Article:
A Better Tent City Relocates within Kitchener

A Better Tent City (ABTC) was originally created in response to the COVID-19 pandemic to support the unsheltered population during unprecedented times. Ron Doyle, former owner of LOT42, left a legacy of community service by providing the space for unsheltered populations in Kitchener Waterloo who were not able to use the shelter system.

Due to provincial restrictions, LOT42 was no longer operational as an event space, so Doyle and his friend Jeff Willmer collaborated to create a new use for the space— the pilot program, ABTC. 

ABTC is a concept with an anti-oppressive, post-structuralist framework based in empowerment and strengths-based philosophy.

It is a community of people who are not traditionally housed but use their own means of creating a personal space within the facility with the ability to use the resources at their disposal and most importantly at their own discretion. They have access to communal washrooms, laundry facilities, electricity, internet and healthcare practitioners. 

ABTC is more than an organization—it is a philosophy that breaks down the traditional structures of a typical organization, a peer-led leadership initiative rather than a body of administrators governing specific ideologies and policies. 

“It was really a small team of people that got this together and it has matured a bit, but we still don’t call it an organization, we don’t have a board of directors or any structure to it,” Willmer said.

“The leadership group… [is] a collective; there’s sort of members from different organizations that provide leadership but I think … we’ve resisted forming an organization so far,” he said. 

Willmer said that since the original launch in April 2021, 50 people now have more stability in their lives. The residents have been able to address other aspects of their lives when they have a stable place to call home.

“There are specific outcomes that are really quite heartwarming. We have got  people who are on a methadone drug treatment program and their addictions are being managed,” Willmer said.

“We’ve had three people completely overcome their addiction and now we have residents who say this is the longest that they stayed out of the emergency ward,” he said. 

“We have residents that are reconnecting with family.”

Even with the positive aspects of ABTC and the growth of their community, the original home at LOT42 has been sold, therefore, ABTC will have to relocate to another location. 

“Our founder, Ron Doyle, died earlier this year, and he was arranging to get his affairs in order when he realized that the end might be coming soon,”Willmer said.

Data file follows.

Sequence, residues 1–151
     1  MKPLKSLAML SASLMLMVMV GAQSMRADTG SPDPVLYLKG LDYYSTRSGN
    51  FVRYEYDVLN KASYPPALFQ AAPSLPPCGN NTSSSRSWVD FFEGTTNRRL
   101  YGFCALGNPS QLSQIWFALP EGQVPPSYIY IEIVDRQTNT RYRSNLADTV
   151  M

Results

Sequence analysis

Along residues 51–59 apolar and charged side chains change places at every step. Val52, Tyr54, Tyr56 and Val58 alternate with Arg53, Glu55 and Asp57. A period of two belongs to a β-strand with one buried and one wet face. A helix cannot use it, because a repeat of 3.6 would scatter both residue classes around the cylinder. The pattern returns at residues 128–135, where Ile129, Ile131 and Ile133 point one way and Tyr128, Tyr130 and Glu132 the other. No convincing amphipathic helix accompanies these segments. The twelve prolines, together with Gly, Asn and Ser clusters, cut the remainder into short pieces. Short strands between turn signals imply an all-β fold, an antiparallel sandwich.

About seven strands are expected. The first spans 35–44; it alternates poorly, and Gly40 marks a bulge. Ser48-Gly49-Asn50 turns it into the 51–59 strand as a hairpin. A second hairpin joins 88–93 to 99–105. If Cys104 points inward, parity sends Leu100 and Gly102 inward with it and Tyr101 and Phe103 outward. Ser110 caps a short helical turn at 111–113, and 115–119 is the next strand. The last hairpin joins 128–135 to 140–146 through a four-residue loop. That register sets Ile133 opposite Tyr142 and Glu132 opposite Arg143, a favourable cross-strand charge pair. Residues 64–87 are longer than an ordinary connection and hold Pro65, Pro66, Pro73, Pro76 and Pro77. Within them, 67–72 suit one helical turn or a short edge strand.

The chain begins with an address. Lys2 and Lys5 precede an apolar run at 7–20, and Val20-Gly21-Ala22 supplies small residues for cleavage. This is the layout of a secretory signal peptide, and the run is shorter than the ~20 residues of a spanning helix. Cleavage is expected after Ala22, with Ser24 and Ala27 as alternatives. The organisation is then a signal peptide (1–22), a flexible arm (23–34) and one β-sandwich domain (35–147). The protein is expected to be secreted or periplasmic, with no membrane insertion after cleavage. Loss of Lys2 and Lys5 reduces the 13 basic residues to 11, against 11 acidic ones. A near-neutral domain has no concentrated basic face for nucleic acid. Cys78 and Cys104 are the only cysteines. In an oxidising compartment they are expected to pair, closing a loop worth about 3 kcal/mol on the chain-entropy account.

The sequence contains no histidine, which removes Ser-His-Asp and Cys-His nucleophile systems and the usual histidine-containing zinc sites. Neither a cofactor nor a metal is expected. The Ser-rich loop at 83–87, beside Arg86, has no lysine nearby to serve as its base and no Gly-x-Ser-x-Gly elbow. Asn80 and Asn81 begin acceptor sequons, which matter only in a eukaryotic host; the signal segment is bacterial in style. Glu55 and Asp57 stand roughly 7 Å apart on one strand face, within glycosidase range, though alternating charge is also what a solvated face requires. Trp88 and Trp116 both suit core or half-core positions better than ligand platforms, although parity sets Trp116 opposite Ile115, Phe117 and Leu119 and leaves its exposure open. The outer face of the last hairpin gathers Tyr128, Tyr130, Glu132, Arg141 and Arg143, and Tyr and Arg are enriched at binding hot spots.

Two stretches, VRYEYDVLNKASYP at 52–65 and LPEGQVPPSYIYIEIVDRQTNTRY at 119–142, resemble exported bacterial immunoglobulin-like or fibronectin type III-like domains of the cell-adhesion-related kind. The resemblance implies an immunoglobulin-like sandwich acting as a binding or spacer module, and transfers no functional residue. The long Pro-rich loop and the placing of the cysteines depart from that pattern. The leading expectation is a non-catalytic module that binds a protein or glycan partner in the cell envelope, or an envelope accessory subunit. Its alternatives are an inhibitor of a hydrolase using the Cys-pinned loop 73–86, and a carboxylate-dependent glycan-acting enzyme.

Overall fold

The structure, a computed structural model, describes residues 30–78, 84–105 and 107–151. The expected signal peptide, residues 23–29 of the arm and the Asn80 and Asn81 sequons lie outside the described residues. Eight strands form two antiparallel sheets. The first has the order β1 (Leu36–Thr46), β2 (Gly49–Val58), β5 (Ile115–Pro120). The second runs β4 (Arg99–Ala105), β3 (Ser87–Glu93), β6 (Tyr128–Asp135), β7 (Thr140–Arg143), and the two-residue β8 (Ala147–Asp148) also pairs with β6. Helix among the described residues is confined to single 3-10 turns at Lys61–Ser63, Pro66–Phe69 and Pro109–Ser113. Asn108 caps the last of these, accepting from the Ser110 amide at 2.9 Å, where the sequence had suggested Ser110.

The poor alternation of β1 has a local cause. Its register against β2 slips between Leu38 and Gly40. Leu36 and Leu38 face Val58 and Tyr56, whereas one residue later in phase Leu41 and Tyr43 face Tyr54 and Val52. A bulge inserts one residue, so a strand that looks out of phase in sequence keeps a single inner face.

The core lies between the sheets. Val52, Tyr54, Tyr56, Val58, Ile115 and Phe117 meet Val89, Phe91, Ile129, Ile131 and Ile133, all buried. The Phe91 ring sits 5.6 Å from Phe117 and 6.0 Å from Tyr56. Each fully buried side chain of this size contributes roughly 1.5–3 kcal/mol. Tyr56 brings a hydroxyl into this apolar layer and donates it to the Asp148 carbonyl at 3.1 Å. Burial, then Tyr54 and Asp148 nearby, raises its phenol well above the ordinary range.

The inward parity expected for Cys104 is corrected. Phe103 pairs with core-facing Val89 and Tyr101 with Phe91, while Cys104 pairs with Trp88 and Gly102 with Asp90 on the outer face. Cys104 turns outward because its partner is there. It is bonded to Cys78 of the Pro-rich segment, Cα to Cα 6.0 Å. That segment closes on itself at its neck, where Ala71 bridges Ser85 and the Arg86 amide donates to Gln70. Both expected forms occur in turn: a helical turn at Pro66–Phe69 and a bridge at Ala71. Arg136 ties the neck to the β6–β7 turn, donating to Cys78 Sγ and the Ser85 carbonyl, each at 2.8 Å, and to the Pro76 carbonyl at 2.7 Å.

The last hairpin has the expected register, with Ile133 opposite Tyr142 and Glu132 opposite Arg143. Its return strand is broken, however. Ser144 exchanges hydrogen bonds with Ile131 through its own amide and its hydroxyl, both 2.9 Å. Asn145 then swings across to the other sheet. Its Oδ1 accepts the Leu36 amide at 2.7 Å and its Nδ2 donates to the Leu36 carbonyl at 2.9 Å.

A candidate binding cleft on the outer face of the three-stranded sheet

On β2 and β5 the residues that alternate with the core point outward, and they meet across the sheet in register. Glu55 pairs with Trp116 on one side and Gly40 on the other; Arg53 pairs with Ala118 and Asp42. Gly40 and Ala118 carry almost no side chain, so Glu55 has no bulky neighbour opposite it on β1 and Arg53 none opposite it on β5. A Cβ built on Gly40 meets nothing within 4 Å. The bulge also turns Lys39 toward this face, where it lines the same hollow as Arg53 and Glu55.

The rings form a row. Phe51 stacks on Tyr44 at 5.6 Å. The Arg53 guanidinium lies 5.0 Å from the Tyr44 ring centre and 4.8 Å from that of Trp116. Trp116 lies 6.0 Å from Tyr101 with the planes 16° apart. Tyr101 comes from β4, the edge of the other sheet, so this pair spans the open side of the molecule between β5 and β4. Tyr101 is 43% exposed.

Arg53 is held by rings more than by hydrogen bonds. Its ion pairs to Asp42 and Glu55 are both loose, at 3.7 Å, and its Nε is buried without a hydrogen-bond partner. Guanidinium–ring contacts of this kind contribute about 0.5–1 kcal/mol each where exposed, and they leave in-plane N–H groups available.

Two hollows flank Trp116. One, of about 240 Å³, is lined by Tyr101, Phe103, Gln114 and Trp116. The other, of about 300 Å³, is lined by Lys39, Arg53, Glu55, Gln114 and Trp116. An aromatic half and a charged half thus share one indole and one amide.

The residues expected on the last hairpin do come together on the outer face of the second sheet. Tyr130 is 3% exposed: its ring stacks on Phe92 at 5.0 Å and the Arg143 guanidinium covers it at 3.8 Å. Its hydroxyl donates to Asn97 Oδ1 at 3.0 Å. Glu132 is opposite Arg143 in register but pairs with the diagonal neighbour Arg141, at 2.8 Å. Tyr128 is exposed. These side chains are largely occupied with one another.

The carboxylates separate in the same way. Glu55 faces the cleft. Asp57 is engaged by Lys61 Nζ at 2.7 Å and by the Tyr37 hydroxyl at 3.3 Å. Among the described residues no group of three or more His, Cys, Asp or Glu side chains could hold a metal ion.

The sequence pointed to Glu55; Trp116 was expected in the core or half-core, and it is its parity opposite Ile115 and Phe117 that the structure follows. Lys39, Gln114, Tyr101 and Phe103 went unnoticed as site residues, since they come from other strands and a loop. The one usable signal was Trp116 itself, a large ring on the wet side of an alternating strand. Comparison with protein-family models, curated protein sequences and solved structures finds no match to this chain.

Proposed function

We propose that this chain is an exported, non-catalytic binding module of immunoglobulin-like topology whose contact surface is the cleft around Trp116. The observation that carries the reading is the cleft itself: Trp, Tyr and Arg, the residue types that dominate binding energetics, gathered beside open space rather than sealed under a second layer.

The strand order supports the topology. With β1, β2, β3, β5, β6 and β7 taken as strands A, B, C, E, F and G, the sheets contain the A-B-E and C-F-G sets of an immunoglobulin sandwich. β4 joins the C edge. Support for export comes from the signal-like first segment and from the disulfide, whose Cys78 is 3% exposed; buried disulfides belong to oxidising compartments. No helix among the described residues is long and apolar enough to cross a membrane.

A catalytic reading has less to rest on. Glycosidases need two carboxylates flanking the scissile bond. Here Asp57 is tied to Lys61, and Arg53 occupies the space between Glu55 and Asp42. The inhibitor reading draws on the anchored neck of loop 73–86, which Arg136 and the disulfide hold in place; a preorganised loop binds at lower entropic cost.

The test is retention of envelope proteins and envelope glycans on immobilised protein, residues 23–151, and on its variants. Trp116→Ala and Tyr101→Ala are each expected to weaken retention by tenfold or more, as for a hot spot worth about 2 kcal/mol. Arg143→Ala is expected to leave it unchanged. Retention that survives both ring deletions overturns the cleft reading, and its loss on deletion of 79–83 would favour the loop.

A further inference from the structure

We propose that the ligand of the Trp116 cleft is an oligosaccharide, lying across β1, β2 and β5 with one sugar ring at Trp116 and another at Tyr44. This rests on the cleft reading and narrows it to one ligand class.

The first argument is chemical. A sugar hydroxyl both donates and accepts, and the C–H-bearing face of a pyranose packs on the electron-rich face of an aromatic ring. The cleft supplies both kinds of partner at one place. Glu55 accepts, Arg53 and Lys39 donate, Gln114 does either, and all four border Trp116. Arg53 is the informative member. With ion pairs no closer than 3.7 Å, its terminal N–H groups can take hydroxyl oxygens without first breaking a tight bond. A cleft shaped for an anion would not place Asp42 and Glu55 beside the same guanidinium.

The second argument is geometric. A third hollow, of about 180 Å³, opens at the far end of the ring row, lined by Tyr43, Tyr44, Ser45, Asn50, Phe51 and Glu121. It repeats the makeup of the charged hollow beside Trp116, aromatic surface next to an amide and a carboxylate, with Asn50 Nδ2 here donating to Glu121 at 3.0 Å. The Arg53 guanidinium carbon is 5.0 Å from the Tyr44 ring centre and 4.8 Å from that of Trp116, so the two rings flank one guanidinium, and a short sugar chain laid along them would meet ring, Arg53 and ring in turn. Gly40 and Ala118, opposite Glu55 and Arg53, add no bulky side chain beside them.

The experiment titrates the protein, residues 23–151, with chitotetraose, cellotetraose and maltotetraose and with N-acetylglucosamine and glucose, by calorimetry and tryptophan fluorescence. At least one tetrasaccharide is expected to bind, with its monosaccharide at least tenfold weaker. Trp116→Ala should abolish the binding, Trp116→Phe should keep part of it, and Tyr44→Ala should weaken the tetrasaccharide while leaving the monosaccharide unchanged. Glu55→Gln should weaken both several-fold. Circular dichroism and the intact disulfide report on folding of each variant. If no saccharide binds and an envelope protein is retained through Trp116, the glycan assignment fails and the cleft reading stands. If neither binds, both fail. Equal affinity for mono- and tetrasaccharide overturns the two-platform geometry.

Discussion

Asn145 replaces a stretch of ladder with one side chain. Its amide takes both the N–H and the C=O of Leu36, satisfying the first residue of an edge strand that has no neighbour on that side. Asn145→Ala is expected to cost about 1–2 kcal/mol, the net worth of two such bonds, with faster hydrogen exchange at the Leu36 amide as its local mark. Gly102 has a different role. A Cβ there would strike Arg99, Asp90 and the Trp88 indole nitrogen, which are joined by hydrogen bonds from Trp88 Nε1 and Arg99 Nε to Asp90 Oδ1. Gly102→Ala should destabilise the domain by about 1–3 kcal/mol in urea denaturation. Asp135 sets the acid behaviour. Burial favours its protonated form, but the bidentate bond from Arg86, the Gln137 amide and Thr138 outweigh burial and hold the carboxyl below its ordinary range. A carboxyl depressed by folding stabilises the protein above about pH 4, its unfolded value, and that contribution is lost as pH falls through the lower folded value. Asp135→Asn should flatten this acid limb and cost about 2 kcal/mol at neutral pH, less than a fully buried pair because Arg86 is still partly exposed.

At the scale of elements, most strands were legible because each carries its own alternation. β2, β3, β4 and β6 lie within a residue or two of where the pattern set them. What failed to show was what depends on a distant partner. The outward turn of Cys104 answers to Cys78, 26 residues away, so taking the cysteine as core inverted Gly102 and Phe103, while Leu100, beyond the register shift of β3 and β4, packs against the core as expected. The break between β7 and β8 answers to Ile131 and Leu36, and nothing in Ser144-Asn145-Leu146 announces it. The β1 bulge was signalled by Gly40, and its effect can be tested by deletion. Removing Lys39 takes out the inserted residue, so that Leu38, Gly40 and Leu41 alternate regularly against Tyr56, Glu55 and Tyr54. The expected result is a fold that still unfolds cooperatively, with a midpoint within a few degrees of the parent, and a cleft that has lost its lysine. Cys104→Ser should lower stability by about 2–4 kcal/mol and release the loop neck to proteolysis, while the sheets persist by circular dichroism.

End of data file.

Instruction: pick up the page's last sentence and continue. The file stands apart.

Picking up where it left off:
“He had the property in the process of being sold, and the new owner is not interested in being the landlord for ABTC.” 

Although many of the residents have experienced significant personal growth, Willmer  spoke about the obstacles that ABTC has faced. He said that both the setbacks and the progress have helped ABTC reclaim their founding mission and continue to shape the lives of unsheltered individuals. 

“For the most part, [ABTC] was embraced by the broader community—city council, [the] downtown community and other shelter providers realized that we were helping people who were hard to help, and that they couldn’t help. We didn’t need to work hard to overcome the stigma,” he said.

Willmer says relocating has reignited the challenges facing them.

“This is a project that everybody likes but nobody wants to own or have… as their neighbour. We still have some hurdles to overcome in terms of community acceptance in the new location,” Willmer said. 

Willmer has used this opportunity in the spirit of growth and improvement by giving ABTC a new journey funded by the Hamilton Diocese. The new location of ABTC will be located in a rural area equipped with farm land in order to grow food. Willmer speaks to the ways in which this challenge is something that will improve the lives of the residents. 

“I think there was a need to revamp [ABTC]. If we could have stayed at LOT42, we would have stayed,” Willmer said.

Besides the relocation of ABTC, the collective not only wants to improve on a structural level but also improve the lives of the residents. Willmer explains that ABTC seeks to provide a foundation for the residents for self-growth and discovery with the help of the staff and volunteers. 

“I think our hopes are that they realize that other people care for them, that they are valuable and that we aren’t giving up on them—the fact we do have hopes for them,” Willmer said. 

“I think that is a message that starts to get through to the residents. Only after time when they spend more time with the volunteers and start to realize that, while many people in their lives may have given up on them,” he said. 

With files from Beth Bowles .